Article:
Integrity is more than a virtue—it’s a way of life. You can reap great rewards as you stick to your principles, even when it seems unpopular or inconvenient.
“Honesty is the best policy,” people sometimes say. A sense of honesty and integrity is certainly admirable, but why do so many of us struggle with it? In his November 2014 essay entitled “Why the Lack of Integrity Burdens Society,” Brigham Young University professor W. Steve Albrecht discusses the necessity of integrity and its role (or lack thereof) in society today.
Integrity is more than “being true to what you believe;” it is “believing and doing what is true,” Albrecht says. It encompasses the social, emotional, financial, spiritual, and physical—in short, all aspects of our lives.
The founders of RC Willey, a furniture company found throughout the western United States, demonstrated unfailing devotion to their principles. A warranty company declared bankruptcy shortly after RC Willey had paid a large sum of money for its services, but RC Willey backed all of the warranties—even though RC Willey was under no legal obligation to do so. In spite of the economic inconvenience, RC Willey continued to thrive. The history of the company becomes an inspiring story when one discovers the great sacrifices (but even greater blessings) that accompany the decision to practice integrity.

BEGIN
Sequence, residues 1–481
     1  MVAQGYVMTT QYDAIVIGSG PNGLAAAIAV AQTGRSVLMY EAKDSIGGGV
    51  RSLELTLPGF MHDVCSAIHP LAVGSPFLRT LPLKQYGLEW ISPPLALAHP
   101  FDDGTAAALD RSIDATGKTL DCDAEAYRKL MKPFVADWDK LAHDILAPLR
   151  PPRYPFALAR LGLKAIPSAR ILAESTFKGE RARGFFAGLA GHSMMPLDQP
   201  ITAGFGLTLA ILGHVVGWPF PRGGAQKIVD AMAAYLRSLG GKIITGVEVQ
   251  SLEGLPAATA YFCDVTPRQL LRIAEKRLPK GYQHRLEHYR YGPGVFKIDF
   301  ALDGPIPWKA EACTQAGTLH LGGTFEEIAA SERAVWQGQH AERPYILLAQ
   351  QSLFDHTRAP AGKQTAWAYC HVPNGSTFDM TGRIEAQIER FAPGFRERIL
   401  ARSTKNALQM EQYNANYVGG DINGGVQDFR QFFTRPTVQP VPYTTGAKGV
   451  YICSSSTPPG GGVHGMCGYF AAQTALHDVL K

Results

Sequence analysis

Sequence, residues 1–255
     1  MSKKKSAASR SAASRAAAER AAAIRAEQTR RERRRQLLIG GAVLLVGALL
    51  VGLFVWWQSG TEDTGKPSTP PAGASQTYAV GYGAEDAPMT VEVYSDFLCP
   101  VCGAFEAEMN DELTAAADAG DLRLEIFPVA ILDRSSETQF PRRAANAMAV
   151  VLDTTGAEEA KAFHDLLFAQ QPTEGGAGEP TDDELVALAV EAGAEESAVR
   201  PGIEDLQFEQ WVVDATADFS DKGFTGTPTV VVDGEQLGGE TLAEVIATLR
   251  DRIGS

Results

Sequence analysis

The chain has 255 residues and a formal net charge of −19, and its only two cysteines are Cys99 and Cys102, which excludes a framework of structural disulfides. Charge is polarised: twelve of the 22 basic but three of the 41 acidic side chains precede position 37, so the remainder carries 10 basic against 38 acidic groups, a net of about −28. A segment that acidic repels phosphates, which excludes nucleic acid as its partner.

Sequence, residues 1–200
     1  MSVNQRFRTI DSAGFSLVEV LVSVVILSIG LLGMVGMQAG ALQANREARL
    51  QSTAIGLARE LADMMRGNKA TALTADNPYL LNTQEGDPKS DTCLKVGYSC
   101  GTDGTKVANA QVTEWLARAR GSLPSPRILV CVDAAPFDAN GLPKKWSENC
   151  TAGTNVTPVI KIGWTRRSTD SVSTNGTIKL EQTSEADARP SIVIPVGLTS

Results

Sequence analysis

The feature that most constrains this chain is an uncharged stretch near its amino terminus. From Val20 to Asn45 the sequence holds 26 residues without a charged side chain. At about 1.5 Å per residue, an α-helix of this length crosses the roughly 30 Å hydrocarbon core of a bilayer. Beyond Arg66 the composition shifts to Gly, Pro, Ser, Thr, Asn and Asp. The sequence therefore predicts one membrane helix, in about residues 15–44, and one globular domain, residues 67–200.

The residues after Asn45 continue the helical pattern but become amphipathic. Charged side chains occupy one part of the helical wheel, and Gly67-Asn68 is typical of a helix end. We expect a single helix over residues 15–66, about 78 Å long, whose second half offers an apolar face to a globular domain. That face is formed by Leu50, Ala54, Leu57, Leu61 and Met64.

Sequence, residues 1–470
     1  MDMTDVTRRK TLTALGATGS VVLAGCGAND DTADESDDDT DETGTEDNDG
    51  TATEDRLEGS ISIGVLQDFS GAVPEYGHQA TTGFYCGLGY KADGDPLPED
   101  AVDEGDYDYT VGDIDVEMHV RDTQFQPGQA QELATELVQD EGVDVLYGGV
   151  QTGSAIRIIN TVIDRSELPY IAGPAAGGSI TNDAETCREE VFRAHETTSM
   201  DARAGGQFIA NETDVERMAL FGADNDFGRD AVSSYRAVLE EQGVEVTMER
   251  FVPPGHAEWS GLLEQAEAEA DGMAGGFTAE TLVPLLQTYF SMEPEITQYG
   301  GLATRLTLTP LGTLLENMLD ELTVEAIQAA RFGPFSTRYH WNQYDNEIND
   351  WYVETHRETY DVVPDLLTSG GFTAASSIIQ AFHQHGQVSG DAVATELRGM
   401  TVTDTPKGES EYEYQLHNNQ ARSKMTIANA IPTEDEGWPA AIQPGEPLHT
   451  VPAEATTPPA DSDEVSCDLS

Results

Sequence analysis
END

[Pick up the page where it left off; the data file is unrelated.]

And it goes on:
The account from RC Willey’s past makes it clear: learning integrity is vital to our homelife and any business we may be a part of. Integrity improves unity and can even reap economic benefits. Though dishonesty may be tempting in the moment, Albrecht reminds us that such shortcuts ultimately spell trouble down the road. The influence of integrity is profound, and the blessings are immense. But the choice is yours: “Integrity cannot be forced; it must be self-absorbed.”
Source: BYU Wheatley Institution
FEATURE IMAGE BY ANJA OSENBERG
—Margaret Wilden Mormon Insights Contributor